[Editors note: Although this post is geared toward those who plan on hiking the AT or who have recently finished, the truth is, this information is applicable to anyone looking to lose a couple of pounds. This is sound nutritional advice from someone who knows what they are talking about (clearly not a reference to myself).]
Remember the advice we got from Appalachian Trail legend, Miss Janet? Well in that post, we tackled the 2nd issue she brought up: Post-Appalachian Trail Depression (which I’ll be covering in more depth in the upcoming Badger Book).
Today, it’s time to confront the other:
How do thru-hikers avoid gaining weight after the Appalachian Trail?
An active person, by today’s standards, gets maybe 60 minutes of exercise per day. In having to balance a job that consumes 50-60 hours of your week, even that seems like a lot. On the AT, exercise is your job. A thru-hiker will bust their ass up and down mountains carrying their life on their back for anywhere from 7 to 12 hours a day. During this process, this individual will consume an unfathomable amount of food- the kind of food invented solely to make people obese. While stuffing their face-hole full of chocolate bars, ramen noodles, pop-tarts, cheese, beef, and Little Debbies on the trail, and pretty much anything with a calorie value in the quadruple digits off the trail, a thru-hiker will soon get a better view of their own skeletal structure. Losing anywhere from 10-30 lbs. is pretty typical. I talked to one guy who had lost 50 lbs. a little more than half way through the trail. He told me this while devouring a king-size snickers.
I talked to a lot of people who were on the trail largely to lose the unwanted pounds they had put on over the years. A noble endeavor, no doubt.
Unfortunately, for most, this weight is put on five times faster than it was lost after finishing the trail. For some, they end up gaining even more weight than they originally lost. If someone has the drive to get up and work their ass off for a half year (figuratively + literally), why is that they put the weight on so quickly? There has to be a dietary approach for someone to keep this weight off in their post-AT life.
Personally, I find this phenomenon to be a bit perplexing. Although I consider myself to be fairly well-schooled in terms of nutrition and exercise theory, I kept coming up with new hypotheses as to why this rapid weight gain would happen.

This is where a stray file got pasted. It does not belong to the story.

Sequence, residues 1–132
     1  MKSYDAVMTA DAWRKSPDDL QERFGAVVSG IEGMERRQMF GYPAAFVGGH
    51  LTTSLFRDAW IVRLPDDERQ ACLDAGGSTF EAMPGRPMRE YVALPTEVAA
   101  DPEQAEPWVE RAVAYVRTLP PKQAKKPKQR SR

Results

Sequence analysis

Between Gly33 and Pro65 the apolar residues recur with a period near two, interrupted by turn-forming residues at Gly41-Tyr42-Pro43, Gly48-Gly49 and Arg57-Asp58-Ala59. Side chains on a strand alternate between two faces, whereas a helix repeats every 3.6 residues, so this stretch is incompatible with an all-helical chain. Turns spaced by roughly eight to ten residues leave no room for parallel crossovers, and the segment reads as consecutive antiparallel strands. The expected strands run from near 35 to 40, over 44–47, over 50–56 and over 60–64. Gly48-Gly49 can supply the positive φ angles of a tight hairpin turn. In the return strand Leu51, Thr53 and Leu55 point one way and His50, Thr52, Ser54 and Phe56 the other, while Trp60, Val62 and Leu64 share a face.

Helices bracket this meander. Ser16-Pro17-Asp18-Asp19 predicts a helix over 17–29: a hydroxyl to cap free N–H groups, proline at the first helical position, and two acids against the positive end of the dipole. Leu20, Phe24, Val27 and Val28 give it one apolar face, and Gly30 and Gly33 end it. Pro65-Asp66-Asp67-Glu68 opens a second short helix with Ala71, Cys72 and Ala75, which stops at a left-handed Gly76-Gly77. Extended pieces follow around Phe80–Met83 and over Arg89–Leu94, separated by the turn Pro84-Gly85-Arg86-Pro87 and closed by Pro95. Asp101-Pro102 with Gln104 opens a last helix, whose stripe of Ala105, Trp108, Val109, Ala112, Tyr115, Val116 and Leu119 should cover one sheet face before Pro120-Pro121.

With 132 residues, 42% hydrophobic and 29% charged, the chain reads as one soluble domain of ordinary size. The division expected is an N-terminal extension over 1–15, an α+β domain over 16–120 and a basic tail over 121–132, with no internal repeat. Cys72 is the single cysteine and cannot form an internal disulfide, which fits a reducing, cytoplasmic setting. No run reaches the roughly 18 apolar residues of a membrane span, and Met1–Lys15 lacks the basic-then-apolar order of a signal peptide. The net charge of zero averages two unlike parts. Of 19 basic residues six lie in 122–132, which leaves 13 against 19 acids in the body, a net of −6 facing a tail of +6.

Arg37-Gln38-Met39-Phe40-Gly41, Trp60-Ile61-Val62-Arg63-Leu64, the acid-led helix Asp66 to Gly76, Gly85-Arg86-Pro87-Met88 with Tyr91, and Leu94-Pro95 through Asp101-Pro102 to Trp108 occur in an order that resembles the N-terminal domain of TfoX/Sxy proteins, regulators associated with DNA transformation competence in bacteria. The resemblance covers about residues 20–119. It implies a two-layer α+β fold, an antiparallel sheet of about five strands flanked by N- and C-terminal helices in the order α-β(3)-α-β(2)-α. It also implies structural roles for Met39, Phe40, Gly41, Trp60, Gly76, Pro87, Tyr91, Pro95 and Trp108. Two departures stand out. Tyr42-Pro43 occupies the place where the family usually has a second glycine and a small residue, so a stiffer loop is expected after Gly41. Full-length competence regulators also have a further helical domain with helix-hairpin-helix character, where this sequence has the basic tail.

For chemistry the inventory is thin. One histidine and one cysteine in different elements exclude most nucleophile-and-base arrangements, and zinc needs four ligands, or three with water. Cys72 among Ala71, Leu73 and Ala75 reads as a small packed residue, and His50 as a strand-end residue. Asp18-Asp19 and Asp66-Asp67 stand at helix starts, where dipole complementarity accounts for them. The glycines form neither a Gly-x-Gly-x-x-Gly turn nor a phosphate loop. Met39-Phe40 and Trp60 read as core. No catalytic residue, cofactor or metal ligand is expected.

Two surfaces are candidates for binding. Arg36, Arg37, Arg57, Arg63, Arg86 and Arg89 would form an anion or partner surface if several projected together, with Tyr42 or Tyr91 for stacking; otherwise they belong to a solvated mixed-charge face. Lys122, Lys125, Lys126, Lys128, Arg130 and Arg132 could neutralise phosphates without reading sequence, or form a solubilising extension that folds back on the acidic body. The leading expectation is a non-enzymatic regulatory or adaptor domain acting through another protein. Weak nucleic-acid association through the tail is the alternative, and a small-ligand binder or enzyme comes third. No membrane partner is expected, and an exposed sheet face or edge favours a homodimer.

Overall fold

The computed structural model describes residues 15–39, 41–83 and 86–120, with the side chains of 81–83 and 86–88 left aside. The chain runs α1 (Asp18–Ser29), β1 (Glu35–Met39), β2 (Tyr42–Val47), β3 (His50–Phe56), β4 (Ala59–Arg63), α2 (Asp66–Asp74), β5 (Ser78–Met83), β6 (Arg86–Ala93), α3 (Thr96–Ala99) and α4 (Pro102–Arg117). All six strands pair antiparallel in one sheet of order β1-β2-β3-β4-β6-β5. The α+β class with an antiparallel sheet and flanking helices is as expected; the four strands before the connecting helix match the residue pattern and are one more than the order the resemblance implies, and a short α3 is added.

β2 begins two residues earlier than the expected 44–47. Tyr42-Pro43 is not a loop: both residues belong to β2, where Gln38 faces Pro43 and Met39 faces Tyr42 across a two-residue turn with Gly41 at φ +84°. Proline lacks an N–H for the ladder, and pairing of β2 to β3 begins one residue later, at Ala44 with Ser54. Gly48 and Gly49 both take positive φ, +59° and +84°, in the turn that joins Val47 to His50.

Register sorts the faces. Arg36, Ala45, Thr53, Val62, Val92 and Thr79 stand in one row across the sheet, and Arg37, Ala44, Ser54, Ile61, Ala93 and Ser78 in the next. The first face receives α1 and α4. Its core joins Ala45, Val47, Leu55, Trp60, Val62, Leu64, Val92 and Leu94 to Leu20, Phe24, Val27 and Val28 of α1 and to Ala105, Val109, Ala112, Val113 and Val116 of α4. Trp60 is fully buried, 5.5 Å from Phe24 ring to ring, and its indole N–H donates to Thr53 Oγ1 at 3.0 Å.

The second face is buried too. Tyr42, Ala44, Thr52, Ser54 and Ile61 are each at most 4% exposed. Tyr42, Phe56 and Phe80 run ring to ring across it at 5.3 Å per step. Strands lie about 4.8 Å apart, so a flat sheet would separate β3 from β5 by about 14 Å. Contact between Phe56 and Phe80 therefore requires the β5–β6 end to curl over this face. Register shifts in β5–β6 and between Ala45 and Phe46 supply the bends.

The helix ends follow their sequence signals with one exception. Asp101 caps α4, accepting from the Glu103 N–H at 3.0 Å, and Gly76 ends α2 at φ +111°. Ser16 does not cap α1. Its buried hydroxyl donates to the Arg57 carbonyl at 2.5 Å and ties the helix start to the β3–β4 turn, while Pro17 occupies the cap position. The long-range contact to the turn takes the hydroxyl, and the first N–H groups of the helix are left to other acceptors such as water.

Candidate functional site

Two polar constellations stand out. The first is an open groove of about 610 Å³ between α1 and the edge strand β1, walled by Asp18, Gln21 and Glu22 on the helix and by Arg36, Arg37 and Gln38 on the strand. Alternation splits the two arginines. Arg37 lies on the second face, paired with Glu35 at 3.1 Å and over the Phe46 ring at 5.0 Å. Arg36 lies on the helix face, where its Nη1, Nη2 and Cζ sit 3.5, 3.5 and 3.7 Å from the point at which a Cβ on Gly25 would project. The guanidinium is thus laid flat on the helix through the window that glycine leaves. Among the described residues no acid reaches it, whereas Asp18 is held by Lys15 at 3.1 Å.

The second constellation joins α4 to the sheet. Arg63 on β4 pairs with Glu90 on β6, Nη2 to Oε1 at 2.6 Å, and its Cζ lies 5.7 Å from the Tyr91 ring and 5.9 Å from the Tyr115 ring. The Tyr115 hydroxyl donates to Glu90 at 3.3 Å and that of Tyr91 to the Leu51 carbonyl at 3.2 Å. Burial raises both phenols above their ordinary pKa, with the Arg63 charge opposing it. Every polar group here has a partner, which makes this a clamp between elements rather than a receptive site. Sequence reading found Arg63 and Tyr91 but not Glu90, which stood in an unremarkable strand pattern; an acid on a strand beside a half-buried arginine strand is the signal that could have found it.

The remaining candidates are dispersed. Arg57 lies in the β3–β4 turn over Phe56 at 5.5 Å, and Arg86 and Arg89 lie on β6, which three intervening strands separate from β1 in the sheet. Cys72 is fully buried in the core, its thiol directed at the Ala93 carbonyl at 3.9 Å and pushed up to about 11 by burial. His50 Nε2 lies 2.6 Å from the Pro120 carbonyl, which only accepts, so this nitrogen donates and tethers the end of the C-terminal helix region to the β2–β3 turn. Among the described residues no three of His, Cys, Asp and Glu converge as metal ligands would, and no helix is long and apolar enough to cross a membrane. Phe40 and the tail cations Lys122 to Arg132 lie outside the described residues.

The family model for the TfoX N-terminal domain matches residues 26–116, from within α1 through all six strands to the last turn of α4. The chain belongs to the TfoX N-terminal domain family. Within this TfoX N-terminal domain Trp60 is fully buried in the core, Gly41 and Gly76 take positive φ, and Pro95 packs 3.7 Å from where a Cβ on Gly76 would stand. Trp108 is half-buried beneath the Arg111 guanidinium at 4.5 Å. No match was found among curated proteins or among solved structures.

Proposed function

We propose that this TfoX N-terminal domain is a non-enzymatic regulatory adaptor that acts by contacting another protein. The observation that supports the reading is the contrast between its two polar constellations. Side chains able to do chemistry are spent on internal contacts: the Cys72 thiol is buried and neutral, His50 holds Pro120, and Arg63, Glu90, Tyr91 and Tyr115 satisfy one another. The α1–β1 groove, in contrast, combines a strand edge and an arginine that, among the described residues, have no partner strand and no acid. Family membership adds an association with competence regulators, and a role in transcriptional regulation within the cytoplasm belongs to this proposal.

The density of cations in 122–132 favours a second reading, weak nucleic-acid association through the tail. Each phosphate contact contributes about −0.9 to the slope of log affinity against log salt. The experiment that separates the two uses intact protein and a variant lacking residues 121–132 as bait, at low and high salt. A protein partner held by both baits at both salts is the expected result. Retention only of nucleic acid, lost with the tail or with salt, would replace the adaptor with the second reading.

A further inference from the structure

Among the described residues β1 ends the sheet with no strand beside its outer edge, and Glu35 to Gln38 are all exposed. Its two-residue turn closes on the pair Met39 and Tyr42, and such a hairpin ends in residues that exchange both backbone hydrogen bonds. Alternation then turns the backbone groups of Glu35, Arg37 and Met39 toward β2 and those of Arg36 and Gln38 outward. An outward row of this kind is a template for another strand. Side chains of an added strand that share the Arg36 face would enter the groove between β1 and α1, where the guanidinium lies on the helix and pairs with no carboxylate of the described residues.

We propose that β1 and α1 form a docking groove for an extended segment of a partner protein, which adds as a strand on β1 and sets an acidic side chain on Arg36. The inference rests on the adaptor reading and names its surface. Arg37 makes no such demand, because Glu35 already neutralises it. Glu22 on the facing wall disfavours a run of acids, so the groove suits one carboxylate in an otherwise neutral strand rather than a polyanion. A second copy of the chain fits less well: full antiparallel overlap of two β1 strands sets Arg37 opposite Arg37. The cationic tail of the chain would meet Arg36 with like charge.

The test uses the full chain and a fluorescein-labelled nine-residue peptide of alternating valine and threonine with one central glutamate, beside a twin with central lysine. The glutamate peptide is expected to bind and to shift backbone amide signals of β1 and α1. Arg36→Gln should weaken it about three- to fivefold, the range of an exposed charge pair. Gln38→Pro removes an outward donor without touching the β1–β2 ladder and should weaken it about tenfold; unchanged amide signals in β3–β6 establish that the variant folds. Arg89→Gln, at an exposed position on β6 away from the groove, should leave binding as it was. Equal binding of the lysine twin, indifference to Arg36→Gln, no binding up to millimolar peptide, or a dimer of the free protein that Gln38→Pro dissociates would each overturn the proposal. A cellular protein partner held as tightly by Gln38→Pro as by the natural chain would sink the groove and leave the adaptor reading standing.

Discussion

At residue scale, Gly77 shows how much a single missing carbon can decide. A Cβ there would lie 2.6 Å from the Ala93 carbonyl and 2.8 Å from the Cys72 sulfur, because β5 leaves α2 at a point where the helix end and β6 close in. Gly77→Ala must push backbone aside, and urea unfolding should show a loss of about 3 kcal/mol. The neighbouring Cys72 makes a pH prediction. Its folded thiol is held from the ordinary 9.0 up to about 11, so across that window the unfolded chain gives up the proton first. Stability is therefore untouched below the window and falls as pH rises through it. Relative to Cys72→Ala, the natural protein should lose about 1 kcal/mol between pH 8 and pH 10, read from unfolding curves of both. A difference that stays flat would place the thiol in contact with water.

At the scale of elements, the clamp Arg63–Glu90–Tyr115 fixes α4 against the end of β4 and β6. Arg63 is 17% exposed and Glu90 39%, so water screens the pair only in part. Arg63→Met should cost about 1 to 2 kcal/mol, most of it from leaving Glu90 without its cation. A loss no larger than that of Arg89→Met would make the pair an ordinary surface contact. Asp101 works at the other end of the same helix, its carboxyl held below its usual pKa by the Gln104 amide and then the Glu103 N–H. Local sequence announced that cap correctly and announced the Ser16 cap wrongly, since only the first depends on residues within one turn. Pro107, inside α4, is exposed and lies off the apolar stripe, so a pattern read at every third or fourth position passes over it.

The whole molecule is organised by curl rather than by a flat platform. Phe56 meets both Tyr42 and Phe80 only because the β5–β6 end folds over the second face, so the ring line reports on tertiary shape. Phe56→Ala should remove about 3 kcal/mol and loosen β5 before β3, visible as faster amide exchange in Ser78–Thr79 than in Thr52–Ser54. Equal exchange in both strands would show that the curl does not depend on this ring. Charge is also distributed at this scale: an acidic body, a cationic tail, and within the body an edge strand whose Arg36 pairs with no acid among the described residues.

“Maybe it’s the set-point theory? But then if this theory is true, how can some people lose weight and keep it off? It happens all the time.”
“Maybe it’s a hiker’s metabolism slowing down? But then again, no one eats the way they do on the trail once they get off. I haven’t had a chocolate bar in two months, nor have I even craved one. I’m assuming most also cringe at the sight or thought of a Milky Way. If a hiker’s metabolism slows down, wouldn’t their diet adjust accordingly?”
“Maybe it’s….well, this is all speculation. Perhaps I should ask someone smarter than me.”
So I did.
I reached out to Dr. Nathan Daley, MD, MPH. Dr. Daley practices integrative preventive medicine and performance medicine at the Leonardi Institute in Colorado.
I asked Dr. Daley the following questions:
- Is the weight gain merely an unavoidable consequence of going from hiking 16-24 miles a day to exercising only a few hours per week?
- Is Set Point Theory the logical explanation?
- Are people gaining weight because of their post trail diet, or does it lie more in their exercise habits?
- For most, after finishing the trail, there’s a one to two week period where they’re still battling muscle soreness and fatigue. In other words, the idea of exercise may seem less than appealing. How does one work around this?
- What should a hiker’s post-trail diet look like? Are there any supplements a hiker should take?
Dr. Daley’s answer blew me away. It’s way more thorough than I was anticipating. Not only does it provide information on how to eat once a hiker gets off the trail, it offers advice about foods to favor on the trail to avoid gaining weight afterward.
(This content now lives in Appalachian Trials. Not because I wanted to take it away from you, but because I didn’t want someone who paid $12.99 for a book to feel cheated. I hope you understand. Although I would like for nothing more than to give you all of my work for free, I also enjoy eating dinner and drinking beer, which requires that evil slut we call “money”.)